Okay, that’s enough of that. Let’s move on to pie. My recent Instagram post about taking a pie to neighbors who helped us out during the derecho was pretty popular on Instagram and Facebook. It came to mind when I didn’t have time or energy to blog about what I’d hoped to tell you about See Jane Run! this week.

A little voice in my head said when you’re in a pinch blog about pie because people love pie. So here’s what I have to tell you about pie.

  1. The crumb top apple pies I made, one for our neighbor and one for our family, were delicious.
  2. You can pulverize rolled oats into flour in the blender and use it instead of regular flour in the crumb topping to make gluten free apple crisp that’s almost as good as pie.
  3. To make the pie dairy free and soy free, replace butter with half Earth Balance vegan buttery sticks and half lard.
  4. Homemade pie crust made from Grandma Conrad’s Never Fail Pie Crust recipe is the absolute best. If you want to go vegan, you can use Crisco, but it’s not the same. Sorry about that.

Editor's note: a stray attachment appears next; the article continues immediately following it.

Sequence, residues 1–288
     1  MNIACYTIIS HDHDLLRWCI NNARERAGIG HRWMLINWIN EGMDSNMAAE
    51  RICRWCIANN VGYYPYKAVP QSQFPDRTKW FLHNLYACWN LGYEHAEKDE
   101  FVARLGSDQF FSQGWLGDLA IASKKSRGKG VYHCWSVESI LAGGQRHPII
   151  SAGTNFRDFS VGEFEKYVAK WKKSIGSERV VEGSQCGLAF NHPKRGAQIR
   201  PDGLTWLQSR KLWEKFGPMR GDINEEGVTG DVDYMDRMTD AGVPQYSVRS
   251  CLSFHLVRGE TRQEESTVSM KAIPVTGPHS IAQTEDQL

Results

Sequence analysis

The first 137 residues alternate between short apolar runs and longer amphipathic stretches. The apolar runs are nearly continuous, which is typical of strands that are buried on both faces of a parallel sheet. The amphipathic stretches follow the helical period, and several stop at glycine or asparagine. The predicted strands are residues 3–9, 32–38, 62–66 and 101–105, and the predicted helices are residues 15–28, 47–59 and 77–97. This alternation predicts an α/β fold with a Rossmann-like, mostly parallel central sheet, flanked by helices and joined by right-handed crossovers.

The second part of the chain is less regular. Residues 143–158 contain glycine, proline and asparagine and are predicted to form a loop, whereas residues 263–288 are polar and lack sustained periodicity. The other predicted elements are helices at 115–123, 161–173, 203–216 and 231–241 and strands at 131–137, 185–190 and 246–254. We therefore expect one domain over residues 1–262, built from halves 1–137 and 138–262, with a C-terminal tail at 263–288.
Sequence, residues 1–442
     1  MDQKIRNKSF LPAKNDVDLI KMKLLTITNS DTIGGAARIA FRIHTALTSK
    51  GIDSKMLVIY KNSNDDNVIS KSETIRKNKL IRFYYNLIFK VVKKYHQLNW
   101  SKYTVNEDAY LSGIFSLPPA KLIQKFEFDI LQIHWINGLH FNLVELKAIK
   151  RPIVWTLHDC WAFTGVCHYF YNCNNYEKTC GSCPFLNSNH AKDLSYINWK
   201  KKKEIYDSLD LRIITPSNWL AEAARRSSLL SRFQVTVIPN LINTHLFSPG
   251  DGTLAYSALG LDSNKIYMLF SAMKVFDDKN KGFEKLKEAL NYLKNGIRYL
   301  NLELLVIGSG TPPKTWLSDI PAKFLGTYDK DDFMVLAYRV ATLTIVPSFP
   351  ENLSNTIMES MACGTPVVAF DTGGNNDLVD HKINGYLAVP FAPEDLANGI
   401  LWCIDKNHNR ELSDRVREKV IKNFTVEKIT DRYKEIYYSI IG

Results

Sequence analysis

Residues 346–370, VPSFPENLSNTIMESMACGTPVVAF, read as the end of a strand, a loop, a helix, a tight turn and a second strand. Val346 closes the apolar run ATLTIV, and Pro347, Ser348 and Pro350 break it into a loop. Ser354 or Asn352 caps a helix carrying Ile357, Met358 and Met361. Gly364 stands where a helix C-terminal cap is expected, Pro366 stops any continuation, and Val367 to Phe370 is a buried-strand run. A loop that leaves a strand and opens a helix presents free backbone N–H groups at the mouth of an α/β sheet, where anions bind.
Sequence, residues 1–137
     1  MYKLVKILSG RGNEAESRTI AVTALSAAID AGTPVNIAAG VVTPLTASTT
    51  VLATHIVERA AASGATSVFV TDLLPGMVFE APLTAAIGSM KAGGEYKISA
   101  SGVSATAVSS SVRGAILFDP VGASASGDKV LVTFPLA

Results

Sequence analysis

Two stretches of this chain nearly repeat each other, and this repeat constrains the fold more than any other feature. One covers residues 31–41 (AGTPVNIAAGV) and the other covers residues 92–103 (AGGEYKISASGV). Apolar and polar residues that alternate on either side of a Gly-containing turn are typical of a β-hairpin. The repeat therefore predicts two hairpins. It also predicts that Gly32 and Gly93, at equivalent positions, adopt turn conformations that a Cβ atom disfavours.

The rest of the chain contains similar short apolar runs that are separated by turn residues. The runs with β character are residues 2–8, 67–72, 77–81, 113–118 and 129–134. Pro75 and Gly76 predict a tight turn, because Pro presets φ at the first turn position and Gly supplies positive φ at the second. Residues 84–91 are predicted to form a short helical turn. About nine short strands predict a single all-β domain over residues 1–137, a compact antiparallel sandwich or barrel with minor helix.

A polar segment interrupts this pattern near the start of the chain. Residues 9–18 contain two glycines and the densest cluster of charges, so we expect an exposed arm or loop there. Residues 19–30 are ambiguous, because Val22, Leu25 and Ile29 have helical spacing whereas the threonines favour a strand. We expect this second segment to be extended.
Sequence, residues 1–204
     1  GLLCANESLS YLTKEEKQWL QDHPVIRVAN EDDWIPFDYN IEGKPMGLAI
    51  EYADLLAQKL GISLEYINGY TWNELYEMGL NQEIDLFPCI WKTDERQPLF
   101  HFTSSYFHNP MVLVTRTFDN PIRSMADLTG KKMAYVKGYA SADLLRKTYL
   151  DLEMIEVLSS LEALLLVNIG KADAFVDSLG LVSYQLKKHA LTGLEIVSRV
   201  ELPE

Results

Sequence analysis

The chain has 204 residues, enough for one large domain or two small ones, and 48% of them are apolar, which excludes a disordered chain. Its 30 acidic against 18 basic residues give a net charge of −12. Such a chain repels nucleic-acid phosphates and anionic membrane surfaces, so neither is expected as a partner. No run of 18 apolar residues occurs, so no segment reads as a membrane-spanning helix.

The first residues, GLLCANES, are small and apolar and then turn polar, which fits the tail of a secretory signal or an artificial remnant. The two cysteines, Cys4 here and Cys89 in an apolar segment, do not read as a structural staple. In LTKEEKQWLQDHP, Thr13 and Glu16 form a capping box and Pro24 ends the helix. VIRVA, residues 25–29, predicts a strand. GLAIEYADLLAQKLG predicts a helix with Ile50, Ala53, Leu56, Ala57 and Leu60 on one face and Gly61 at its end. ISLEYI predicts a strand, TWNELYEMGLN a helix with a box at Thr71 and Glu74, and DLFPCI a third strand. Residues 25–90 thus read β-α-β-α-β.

Finally, here’s the connection between a post about pie to a cozy mystery blog. In one of the final chapters of See Jane Run!, Jane makes an apple pie and uses Grandma Conrad’s recipe for the crust. Because as Jane and I both know, it’s worth writing about when we’re in a pinch and when we’re not.

Sign up to receive website updates and See Jane Run! book news on Gravel Road’s home page right under the picture of–you guessed it–the gravel road.

Notebook Neurosis

Notebook Neurosis